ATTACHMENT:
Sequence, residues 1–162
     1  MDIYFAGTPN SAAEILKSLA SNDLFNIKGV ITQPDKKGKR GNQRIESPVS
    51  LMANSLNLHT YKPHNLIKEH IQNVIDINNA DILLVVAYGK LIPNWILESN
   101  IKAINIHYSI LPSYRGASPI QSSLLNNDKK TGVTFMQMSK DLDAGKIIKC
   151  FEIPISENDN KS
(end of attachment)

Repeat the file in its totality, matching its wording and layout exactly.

Sequence, residues 1–162
     1  MDIYFAGTPN SAAEILKSLA SNDLFNIKGV ITQPDKKGKR GNQRIESPVS
    51  LMANSLNLHT YKPHNLIKEH IQNVIDINNA DILLVVAYGK LIPNWILESN
   101  IKAINIHYSI LPSYRGASPI QSSLLNNDKK TGVTFMQMSK DLDAGKIIKC
   151  FEIPISENDN KS